The kind of non-reductivism explored by this project takes as its starting point a different kind of idealism, an idealism which is primarily concerned with identifying the presuppositions of knowledge. This kind of idealism was first defended by Kant who took the task of metaphysics to be that of investigating the structures of experience, structures that are logically prior to the forms of knowledge which they make possible. By transforming idealism from an ontological thesis about what really exists into an account of the conditions of knowledge, Kant provided the conceptual resources for thinking of scientific knowledge as a mode of representation, and of philosophy as a second-order inquiry into its presuppositions. Philosophers working in the post-Kantian tradition have taken this insight a step further and conceived of philosophy as unearthing not just the structures of scientific knowledge, but the heuristic principles and presuppositions governing both the human and the natural sciences. They understood nature to be the correlative of scientific method, and mind to be the correlative of hermeneutic investigation. As a result, they defended a form of methodological pluralism in which the natural and the human sciences have the same logical status: they are equally valid forms of investigation with different explanatory agendas which come into conflict only if one takes the object of investigation of natural science to be nature in itself, rather than the explanandum specific to that form of inquiry. In the German idealist tradition, Dilthey, Droysen, Mandelbaum, Ranke, and Windelband endorse a distinction between Erklären (explanation) and Verstehen (understanding) aimed at defending the methodological autonomy of the Geisteswissenschaften (human sciences) from the Naturwissenschaften (natural sciences). In the tradition of British idealism, Collingwood and Oakeshott developed a form of conceptual idealism which seeks to explain how it may be possible to hold on to both the manifest and the scientific image by showing that they rest on radically different assumptions about the nature of reality which are responsive to different explanatory goals.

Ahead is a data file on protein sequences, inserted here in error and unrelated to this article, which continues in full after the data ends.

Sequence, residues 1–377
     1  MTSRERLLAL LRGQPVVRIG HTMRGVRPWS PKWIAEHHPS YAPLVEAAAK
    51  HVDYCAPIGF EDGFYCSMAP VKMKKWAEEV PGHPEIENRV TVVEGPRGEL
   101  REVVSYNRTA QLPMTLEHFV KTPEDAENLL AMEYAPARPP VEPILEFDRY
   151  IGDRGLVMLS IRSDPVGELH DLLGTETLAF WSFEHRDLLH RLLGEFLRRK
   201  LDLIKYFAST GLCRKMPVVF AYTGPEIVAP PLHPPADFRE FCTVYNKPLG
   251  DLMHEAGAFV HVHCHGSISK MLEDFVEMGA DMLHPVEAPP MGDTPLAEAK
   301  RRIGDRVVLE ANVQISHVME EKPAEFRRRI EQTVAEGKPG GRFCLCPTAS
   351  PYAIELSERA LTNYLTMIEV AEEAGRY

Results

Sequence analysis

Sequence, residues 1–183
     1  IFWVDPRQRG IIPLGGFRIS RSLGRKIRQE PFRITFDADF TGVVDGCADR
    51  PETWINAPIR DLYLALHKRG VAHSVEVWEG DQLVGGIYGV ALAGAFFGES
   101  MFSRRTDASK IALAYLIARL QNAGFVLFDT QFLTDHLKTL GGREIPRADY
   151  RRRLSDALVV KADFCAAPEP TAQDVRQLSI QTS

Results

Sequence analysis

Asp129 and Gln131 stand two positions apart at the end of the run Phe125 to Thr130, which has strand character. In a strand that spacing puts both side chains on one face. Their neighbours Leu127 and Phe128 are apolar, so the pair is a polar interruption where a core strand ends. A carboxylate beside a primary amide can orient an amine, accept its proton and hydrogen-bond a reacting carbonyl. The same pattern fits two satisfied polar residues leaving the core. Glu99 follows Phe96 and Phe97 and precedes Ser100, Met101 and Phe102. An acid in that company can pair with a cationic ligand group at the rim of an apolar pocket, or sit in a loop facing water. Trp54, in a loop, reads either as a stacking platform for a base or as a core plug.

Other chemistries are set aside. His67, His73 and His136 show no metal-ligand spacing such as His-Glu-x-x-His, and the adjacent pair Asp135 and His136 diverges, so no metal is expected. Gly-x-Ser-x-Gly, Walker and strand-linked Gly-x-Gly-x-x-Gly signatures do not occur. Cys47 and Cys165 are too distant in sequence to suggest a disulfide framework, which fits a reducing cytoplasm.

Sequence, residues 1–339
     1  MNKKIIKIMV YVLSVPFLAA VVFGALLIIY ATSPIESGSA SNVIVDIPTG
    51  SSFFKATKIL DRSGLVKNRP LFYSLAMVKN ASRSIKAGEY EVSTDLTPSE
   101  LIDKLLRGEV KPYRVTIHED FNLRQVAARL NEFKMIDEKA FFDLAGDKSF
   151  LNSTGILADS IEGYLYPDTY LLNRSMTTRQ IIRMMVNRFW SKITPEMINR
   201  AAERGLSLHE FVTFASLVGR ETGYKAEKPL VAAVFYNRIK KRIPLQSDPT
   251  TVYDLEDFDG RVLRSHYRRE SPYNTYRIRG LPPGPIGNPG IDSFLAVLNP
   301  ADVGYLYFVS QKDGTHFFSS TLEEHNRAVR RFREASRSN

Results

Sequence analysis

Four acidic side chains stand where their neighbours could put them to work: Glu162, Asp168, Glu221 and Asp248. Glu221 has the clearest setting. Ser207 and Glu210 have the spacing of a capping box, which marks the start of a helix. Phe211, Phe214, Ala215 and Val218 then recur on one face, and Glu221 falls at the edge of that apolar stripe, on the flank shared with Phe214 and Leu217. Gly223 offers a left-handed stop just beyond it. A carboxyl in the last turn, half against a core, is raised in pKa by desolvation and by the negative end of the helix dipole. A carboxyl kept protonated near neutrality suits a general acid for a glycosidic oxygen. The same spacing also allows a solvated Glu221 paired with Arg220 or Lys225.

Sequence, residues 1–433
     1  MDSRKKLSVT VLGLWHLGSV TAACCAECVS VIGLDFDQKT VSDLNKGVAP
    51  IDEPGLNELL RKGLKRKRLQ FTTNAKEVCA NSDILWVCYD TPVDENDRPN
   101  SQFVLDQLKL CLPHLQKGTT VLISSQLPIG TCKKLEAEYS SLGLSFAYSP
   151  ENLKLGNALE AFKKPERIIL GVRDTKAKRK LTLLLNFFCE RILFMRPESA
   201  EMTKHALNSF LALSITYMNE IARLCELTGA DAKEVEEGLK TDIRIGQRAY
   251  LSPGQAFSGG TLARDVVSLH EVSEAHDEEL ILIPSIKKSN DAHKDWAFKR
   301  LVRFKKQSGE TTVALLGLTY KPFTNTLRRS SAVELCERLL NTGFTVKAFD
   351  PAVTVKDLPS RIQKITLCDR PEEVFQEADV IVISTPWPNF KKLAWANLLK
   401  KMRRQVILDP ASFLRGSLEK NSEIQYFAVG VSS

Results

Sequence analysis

This project investigates the form of methodological non-reductivism that arises from the idealist insight that knowledge determines what is known or that method determines subject matter. But unlike Berkeleyan idealism, the idealism explored by this project is not synonymous with immaterialism. Mind and matter are not ontological categories: they are the domain of inquiry of the human and the natural sciences, the correlatives of hermeneutic and scientific method. There are of course other forms of non-reductivism which are not making ontological pronouncements. One of the often-flaunted advantages of functionalism, for example, is that it is ontologically neutral. But from the perspective of post-Kantian idealism, functionalism can claim only a hollow non-reductivist victory because the causal theory of the mind on which it is based is firmly rooted in a picture that is naturalistic from a methodological if not from an ontological point of view. The distinctive advantage of post-Kantian non-reductivism is that because it does not launch a defence of the autonomy of the human sciences from a naturalistic platform, it gives us a conception of philosophy as a more autonomous and reflective activity whose role is to make explicit the presuppositions and heuristic principles at work in the special sciences: in this form of non-reductivism a defence of the autonomy of the human sciences is closely connected with a conception of philosophy as an epistemologically first science.

The summer school will take place at Keele University from Thursday 29th June to Sunday 2nd July, and will consist of a number of structured talks together with discussions around selected texts.

Katerina Deligiorgi (Sussex)
Giuseppina D’Oro (Keele)
Gabriele Gava (Frankfurt)
Paul Giladi (Sheffield)
Jim O’Shea (University College Dublin)
Alexis Papazoglou (Royal Holloway)
Andrea Staiti (Boston College/Köln)

Check out Keele:


There will be bursaries covering accommodation and lunchtime meals (but not travel expenses).

To apply for a bursary, please email a two-page CV and a 400 words statement explaining why you should be allocated the funding to by March 31st. While the bursaries will not be allocated on a first time first served basis, early expressions of interest would be greatly appreciated as this will enable to us to use funds efficiently.

More information about the Idealism and the Philosophy of Mind project can be found on our website: